Paul Coleman, 62, the first Native Hawaiian to earn a doctorate in astrophysics and noted for his public outreach efforts on behalf of the field, died on 16 January 2018 at his home in Aiea, Hawaii. Born in Honolulu on 25 March 1955 to William Edward Coleman and Pearl Maile Luning Coleman, he received his BS in Physics from the University of Notre Dame, and his PhD in Physics from the University of Pittsburgh in 1985 while working t the National Radio Astronomy Observatory. His doctoral research focused on the angular size of faint radio-wave sources and its implications for cosmological models.
After a year as a visiting assistant professor at Virginia Tech, Coleman accepted a position at the Kapteyn Astronomical Institute in Groningen, The Netherlands. He was a member of the scientific staff there for eight years, applying fractal mathematical methods to the large scale structure of the universe and developing software for use in radio astronomy. He came back to the United States with a series of faculty appointments at New Mexico Tech, Yale University, and the University of Puerto Rico, before arriving at the University of Hawaii’s Institute for Astronomy (IfA) in 2002. It was there in his native Hawaii that Coleman took up the public outreach activities and advocacy for which he is recognized. He sought to increase Native Hawaiian participation in the sciences by leading many members of the Hawaiian community — students, politicians, residents — on visits to the observatories on Mauna Kea and Haleakala. He addressed civic and business groups, connecting the future of astronomy with the rich history of Polynesian voyaging. “The ancient Hawaiians explored the Pacific and made early discoveries while putting to use a real-world application of astronomy,” he said. (Honolulu Star Advertiser, 19 March 2018)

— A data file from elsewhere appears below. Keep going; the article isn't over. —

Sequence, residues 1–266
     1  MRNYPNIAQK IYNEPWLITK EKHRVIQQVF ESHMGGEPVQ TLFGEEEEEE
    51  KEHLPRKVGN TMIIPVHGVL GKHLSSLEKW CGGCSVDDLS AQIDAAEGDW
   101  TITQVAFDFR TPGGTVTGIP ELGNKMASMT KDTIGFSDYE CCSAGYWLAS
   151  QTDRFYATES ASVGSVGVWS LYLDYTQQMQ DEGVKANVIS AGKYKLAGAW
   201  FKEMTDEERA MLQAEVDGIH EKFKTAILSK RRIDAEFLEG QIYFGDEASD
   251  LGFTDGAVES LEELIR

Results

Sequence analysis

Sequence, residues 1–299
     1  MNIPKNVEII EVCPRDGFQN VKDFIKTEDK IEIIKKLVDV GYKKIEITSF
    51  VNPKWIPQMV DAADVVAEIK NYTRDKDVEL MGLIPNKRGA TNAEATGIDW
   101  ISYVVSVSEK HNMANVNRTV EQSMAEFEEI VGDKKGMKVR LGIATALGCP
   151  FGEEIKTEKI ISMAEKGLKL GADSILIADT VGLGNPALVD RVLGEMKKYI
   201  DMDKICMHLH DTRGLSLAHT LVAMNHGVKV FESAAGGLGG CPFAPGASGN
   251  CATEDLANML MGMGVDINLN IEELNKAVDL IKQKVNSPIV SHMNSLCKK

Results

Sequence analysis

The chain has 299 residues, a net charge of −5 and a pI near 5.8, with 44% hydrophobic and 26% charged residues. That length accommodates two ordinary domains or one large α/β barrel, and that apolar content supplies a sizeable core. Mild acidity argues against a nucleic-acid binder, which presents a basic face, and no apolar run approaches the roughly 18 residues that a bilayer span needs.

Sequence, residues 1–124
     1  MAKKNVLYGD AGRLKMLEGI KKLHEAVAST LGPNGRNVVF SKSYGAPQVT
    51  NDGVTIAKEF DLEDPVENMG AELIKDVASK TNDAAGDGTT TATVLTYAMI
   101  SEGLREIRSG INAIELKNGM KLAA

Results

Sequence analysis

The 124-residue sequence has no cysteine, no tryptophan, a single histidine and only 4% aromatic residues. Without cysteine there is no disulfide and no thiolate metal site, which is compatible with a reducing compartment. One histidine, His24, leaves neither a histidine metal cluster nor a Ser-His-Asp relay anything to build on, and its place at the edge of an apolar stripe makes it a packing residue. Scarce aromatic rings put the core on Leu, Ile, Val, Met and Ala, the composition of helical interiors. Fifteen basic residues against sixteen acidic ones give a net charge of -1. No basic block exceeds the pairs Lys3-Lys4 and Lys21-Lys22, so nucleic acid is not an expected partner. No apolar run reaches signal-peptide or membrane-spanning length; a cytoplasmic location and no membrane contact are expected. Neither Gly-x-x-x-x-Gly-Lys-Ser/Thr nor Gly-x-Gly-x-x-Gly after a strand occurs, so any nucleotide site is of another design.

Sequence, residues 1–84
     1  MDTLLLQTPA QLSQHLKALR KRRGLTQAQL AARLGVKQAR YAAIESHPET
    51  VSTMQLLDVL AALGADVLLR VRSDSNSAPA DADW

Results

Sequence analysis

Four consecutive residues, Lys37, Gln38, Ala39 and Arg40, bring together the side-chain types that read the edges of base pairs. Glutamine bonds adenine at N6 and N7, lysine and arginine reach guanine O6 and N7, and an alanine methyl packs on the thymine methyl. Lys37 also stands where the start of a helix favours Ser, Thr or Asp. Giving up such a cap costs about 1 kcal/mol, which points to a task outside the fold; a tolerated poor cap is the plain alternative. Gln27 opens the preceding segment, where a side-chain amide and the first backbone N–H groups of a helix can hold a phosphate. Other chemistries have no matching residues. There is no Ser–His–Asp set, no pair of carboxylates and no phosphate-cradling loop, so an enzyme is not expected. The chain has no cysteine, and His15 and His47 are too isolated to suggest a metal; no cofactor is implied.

Coleman was an outspoken supporter of the Daniel K. Inouye Solar Telescope (DKIST) on Haleakala, as well as the controversial Thirty Meter Telescope project atop Mauna Kea, whose construction had been temporarily halted due to claims of its negative impact on Native Hawaiian culture and religion. His vision was for a Hawaii engaged with and employed by the astronomical institutions sited on its peaks. Coleman was an advisor for the ‘Imiloa Astronomy Center in Hilo, and served on the state's Hawaiian Lexicon Committee, helping craft new Hawaiian words to keep up with advances in science.
For nearly a decade, Coleman led the IfA’s National Science Foundation (NSF) funded Research Experiences for Undergraduates (REU) program, which brought undergraduates from around the country to conduct research with IfA astronomers during the summer. He also helped lead the NSF's mitigation program for the DKIST, to advance Native Hawaiian participation in STEM fields, and he worked closely with Haleakala’s Faulkes Telescope North project, a remotely operable telescope used by students around the world. In addition, he was a research adviser to the next generation of Native Hawaiian astronomers, many of whom are now active researchers in the field.
“It’s a big loss for us,” said Robert McLaren, interim director of the IfA. “He was one of our best undergraduate instructors, and he was a mentor to many. He will be irreplaceable.” (Honolulu Star Advertiser, 19 March 2018)
Coleman is survived by his wife, D. Dianne Bowen-Coleman and daughters Catherine Hali'amemaheaikekai Bowen Coleman and Elizabeth Noheahinali`imauliola Bowen Coleman his father, William Edward Coleman; brothers, William Coleman, Jr. and Michael Coleman and sisters, Ka'ala Coleman and Manu Ka`iama.
Photo credit: IfA, University of Hawaii